On some issues, these local deliberations have been eye opening and horizon expanding. On other issues, the forums help people to move beyond a narrow sense of self-interest to a more inclusive view of common interests and common goals. In doing so, they have created openings for broadly acceptable public solutions—common ground for public acting.

The National Issues Forums network as a whole, which has been in place for 27 years, has involved hundreds of thousands of people in communities across the country. It provides a rejoinder to those who dismiss public deliberation as impractical and unrealistic—something that most Americans seem to have neither the time nor the inclination to take seriously. If you want to understand the value of deliberative meetings, talk to the people who have taken part in our community forums. The NIF experience bears out the hope that something like the Citizen Congress that Sen. Edwards has endorsed is realistic and long overdue. It is about time national candidates recognize that public deliberation deserves a prominent place on any list of prescriptions about how to fix the political system.

In Sen. Edwards’ proposal, the Citizen Congress would link town hall meetings in various communities, creating a different kind of public conversation in which various proposals and policies would be discussed, along with their costs and consequences. As long as public officials pay serious attention to what comes out of these forums, that’s a step in the right direction. But it’s only a first step. If local forums don’t engage people in serious deliberation, it could amount to little more than a high-tech opinion poll.

At a time of legislative gridlock when the public feels little confidence in its leaders, and most people are convinced that they are shut out of the policy process, it’s high time for new initiatives that involve the public in many ways. The National Issues Forums network has been in business for more than a quarter century. This is no longer a start-up enterprise or a shaky experiment. It is a model that works, a means of engaging citizens in real discussions about serious public concerns. Let’s build on this success story to restore the public to its rightful place in public life. Sen. Edwards’ initiative is a step in the right direction. But it’s just one step toward recognizing what needs to be done if we are to give citizens an authentic voice in the debate about America’s future.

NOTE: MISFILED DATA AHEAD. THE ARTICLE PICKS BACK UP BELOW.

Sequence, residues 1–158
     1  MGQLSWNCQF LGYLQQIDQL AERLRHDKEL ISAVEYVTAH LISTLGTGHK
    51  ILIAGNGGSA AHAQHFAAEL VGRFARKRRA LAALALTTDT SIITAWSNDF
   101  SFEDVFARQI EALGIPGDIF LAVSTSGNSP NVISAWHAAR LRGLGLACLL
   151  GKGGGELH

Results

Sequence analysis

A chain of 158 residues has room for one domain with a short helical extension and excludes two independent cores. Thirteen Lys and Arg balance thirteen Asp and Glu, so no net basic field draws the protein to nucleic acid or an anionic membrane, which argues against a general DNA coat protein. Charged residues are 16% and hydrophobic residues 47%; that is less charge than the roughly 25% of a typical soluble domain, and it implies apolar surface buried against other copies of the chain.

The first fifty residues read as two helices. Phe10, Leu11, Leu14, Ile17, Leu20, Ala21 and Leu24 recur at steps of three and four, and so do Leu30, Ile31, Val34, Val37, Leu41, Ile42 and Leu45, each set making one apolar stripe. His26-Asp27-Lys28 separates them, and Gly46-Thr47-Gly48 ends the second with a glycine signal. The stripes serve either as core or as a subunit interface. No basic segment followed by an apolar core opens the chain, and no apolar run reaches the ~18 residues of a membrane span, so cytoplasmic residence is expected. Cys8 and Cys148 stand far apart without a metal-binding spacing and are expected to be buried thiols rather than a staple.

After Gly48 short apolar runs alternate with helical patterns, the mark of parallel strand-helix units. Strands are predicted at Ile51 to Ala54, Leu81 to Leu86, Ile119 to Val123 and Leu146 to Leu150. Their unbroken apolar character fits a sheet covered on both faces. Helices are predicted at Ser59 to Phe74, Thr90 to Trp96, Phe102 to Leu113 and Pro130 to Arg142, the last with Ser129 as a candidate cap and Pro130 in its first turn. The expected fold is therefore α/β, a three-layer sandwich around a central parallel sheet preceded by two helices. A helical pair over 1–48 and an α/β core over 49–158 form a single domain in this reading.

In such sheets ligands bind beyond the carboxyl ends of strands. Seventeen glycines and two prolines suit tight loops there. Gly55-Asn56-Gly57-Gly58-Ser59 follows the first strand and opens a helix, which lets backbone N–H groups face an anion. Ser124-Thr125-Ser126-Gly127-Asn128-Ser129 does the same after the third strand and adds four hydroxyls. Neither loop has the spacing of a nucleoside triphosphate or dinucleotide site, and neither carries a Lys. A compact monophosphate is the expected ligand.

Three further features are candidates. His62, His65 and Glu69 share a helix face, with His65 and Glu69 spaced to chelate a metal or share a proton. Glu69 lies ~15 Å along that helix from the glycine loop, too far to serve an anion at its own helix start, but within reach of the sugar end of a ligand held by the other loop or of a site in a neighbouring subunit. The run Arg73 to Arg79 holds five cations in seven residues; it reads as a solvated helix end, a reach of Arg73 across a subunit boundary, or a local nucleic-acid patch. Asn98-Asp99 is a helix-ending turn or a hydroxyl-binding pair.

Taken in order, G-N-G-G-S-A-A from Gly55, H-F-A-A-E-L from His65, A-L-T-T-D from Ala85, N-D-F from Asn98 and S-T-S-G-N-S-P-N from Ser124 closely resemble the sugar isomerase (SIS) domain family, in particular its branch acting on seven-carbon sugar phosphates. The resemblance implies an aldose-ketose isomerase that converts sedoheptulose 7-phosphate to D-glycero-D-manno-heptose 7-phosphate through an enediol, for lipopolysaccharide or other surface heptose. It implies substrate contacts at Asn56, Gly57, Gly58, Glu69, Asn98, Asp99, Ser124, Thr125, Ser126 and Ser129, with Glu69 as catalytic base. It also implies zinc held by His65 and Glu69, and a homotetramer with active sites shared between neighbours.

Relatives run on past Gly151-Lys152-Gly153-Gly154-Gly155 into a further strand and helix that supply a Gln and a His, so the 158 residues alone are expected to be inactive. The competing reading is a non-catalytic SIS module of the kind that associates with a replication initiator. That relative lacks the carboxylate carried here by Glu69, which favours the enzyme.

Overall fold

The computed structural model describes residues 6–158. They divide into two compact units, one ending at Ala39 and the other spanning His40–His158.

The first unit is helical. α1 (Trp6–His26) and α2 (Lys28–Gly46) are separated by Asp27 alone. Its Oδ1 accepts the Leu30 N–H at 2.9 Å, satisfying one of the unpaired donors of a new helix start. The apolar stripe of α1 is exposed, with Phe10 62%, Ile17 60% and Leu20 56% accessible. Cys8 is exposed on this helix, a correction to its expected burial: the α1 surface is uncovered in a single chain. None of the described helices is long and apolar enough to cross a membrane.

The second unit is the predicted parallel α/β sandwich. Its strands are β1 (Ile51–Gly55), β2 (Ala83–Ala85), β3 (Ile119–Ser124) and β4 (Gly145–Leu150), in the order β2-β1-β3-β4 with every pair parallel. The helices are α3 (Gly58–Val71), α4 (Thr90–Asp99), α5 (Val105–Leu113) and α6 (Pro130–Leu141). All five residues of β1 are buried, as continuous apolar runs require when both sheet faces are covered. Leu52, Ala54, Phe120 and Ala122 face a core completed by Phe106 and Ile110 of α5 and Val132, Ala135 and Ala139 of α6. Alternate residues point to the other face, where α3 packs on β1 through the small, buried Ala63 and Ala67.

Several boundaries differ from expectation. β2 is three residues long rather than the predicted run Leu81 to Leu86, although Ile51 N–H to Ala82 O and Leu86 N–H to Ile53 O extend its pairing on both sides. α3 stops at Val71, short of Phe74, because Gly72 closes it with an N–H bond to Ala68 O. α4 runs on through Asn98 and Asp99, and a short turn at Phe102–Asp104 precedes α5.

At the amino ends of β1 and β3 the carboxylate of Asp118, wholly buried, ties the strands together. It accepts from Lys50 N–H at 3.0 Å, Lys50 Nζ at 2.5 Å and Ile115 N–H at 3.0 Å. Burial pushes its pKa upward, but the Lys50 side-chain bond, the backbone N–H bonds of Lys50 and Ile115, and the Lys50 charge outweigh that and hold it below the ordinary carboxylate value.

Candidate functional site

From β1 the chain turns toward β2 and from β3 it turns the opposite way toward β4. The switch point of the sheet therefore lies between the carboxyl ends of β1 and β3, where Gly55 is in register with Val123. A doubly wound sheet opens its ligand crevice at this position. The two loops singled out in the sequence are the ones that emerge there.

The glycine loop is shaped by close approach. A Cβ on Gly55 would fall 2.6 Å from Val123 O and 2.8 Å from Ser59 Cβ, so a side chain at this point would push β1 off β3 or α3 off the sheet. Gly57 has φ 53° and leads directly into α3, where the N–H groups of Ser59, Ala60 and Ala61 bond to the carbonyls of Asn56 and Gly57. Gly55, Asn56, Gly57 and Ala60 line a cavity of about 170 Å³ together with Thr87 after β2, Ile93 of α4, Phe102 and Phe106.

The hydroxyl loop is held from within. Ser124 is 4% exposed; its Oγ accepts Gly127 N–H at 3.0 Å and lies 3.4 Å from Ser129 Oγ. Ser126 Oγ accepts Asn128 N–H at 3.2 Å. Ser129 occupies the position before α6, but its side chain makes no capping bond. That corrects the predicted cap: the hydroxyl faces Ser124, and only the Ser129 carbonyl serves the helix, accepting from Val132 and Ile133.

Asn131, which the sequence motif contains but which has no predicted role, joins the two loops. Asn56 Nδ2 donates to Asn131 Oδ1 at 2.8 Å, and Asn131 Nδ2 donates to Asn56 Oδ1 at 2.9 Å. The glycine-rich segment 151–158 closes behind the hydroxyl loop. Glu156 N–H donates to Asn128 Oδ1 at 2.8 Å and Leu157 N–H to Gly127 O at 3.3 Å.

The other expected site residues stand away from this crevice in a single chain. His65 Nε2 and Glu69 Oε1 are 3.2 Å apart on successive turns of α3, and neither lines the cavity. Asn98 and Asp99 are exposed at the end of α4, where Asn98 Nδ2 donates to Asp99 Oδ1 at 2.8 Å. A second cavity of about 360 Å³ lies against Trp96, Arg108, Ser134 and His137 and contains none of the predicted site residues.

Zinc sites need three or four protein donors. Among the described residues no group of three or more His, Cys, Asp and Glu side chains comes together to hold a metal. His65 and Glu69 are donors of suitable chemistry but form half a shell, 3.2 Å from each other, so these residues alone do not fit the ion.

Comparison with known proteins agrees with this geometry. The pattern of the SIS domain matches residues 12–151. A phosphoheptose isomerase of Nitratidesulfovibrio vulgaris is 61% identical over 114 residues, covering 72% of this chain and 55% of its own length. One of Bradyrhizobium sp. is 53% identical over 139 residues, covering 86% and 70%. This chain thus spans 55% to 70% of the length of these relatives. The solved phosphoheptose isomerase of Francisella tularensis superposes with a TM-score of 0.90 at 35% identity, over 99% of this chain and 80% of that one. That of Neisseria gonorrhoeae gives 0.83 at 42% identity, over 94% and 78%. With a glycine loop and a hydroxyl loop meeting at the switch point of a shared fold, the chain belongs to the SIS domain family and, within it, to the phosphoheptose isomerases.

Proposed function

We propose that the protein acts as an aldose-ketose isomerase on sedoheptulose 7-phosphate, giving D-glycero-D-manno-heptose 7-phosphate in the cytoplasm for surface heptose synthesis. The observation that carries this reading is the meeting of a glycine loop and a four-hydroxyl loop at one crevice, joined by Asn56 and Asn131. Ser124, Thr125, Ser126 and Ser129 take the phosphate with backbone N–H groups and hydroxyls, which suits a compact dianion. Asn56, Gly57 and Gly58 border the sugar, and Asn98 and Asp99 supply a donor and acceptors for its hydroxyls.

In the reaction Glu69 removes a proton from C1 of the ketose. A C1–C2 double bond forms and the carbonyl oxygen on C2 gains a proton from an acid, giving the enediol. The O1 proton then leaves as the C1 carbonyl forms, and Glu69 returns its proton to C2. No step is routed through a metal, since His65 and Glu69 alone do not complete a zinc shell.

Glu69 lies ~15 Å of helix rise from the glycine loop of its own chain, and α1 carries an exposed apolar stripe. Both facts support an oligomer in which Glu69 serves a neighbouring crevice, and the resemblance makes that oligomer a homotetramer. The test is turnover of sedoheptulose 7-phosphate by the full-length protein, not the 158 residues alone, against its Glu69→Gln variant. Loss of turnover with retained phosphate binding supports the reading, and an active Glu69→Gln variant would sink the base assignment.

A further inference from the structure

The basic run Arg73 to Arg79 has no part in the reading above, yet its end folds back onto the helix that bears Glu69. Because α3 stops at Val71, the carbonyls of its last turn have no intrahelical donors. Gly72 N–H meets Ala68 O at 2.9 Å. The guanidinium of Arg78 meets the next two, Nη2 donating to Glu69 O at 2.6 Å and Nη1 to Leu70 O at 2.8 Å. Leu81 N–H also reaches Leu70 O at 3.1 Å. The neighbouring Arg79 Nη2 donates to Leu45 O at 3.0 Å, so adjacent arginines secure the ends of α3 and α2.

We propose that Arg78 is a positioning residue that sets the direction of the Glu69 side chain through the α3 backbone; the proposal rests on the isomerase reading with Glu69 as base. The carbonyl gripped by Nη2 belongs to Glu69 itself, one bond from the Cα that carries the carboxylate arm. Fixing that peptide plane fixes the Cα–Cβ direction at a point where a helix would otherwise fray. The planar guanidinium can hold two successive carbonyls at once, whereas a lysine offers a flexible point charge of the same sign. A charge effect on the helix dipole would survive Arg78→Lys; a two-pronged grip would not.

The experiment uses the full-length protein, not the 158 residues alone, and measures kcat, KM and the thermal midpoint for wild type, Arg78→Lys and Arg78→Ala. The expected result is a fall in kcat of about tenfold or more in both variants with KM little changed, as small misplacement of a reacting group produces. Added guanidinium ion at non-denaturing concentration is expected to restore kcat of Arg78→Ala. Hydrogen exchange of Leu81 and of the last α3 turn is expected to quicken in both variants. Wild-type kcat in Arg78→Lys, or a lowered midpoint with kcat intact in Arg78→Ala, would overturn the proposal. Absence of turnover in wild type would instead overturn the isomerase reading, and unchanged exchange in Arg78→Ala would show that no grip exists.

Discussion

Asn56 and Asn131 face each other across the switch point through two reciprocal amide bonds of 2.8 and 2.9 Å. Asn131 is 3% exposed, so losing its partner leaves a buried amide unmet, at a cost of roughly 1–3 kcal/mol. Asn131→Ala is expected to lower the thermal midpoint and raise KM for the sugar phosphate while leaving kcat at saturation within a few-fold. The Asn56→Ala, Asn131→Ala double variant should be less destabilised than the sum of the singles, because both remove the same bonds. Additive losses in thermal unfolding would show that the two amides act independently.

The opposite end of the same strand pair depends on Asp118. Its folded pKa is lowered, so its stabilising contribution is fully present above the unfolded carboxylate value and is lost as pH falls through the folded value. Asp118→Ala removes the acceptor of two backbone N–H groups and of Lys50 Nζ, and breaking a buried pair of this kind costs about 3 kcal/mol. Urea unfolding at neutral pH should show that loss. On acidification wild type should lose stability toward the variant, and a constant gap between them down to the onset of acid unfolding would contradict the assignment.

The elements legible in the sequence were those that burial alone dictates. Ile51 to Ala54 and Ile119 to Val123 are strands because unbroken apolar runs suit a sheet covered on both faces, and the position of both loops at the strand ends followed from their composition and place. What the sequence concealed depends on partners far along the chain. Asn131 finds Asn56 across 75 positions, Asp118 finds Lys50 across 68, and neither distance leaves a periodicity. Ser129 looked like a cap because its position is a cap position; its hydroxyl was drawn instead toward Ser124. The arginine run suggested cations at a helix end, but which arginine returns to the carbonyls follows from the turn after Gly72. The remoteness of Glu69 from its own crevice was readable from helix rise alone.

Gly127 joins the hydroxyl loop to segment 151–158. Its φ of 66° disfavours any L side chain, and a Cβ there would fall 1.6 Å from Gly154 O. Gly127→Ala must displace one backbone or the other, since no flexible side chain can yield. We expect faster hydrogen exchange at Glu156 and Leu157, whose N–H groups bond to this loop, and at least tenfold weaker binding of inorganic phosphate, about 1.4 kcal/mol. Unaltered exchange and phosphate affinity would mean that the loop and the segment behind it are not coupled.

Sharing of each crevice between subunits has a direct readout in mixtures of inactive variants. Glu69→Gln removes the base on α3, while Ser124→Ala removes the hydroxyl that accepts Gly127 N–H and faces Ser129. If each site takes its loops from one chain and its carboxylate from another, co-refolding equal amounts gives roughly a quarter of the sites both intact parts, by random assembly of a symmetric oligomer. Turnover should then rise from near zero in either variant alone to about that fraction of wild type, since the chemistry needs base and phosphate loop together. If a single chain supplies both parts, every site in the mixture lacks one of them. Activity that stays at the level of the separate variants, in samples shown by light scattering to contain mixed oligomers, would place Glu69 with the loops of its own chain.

Op-Ed by Phil Neisser for the Watertown Daily Times (upstate NY)

This article was written as part of the “Democracy Communications Network,” a 2007-2009 project that encouraged leaders in deliberative democracy to periodically write op-eds and blog posts as part of larger, collaborative media campaigns to raise awareness of the importance of quality public engagement. Use the “Democracy Communications Network” tag to see the articles  written in association with this project.

Developing Your Voice

For years politicians have been invoking the voice of the people. “I will listen,” they say. Unfortunately, what they often hear, if they really do listen, is “you seem right to me” or “you did a bad job; you’re out.” As a result, what gets said in political campaigns is often not connected to what happens in government. Policies mostly get made by well-organized, well-funded, elites (some aligned with one party, some with the other), and elections tend to function as little more than legitimacy-conferring, feel-good events.